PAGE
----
Here is another example.
An Ode to the Spelling Chequer

Prays the Lord for the spelling chequer
That came with our pea sea!
Mecca mistake and it puts you rite
Its so easy to ewes, you sea.

I never used to no, was it e before eye?
(Four sometimes its eye before e.)
But now I've discovered the quay to success
It's as simple as won, too, free!

Sew watt if you lose a letter or two,
The whirled won't come two an end!
Can't you sea? It's as plane as the knows on yore face
S. Chequer's my very best friend

I've always had trubble with letters that double
"Is it one or to S's?" I'd wine
But now, as I've tolled you this chequer is grate
And its hi thyme you got won, like mine.

—Janet E. Byford

An English Homophone Dictionary

Established, Fundamental, Axioms
This page is more in reference to the "wording" of the legal system and how the use words such as the ones above to use against those who do not fully understand the "language" they use to confuse us.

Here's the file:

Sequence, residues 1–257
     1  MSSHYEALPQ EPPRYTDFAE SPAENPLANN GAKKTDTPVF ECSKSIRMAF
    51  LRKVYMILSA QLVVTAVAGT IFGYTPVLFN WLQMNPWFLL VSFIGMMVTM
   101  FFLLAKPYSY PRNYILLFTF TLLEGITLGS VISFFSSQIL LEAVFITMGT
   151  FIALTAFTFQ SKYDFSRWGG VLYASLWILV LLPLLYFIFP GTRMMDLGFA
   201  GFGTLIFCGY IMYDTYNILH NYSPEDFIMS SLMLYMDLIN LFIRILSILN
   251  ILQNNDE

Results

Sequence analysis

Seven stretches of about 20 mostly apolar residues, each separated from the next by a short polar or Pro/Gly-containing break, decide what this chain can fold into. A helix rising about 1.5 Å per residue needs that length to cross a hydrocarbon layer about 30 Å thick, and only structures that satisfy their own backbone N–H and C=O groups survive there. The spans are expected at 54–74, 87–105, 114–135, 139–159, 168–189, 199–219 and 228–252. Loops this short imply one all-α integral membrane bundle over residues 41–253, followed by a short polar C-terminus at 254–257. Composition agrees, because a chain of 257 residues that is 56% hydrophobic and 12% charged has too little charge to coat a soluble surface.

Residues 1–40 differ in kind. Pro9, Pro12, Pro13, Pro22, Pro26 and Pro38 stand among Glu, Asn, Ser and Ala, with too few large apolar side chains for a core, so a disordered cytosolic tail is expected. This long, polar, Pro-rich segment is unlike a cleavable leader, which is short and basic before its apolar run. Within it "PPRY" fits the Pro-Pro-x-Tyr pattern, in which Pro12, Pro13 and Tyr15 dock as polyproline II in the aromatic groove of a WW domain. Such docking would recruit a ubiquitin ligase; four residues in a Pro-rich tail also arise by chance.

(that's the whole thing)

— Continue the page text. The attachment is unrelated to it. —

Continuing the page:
Semiotics for Beginners
This page is the best Ive read yet. This explains how we actually interpret "signs", and how language has almost no meaning if our brains cannot interpret it.

Ever since I have been looking into this, I reevaluate what someone is trying to tell me. I have also noticed that I expect then when having a conversation with someone that they can fully understand what they are saying, and that they are willing to make sure that I can understand. I have allot less disagreements with people now, and have learned to open my mind to the thoughts of others, as they may the same as mine, just communicated a different way.

Id love to hear if anyone else has researched this, and if it has helped them in anyway, to communicate with others.
Peace to you..

posted on Jul, 27 2010 @ 07:54 PM